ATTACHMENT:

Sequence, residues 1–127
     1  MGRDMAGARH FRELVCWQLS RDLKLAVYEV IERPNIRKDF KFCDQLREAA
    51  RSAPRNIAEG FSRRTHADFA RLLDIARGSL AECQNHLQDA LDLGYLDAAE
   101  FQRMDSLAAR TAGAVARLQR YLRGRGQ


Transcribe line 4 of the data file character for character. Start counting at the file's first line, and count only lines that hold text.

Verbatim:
   101  FQRMDSLAAR TAGAVARLQR YLRGRGQ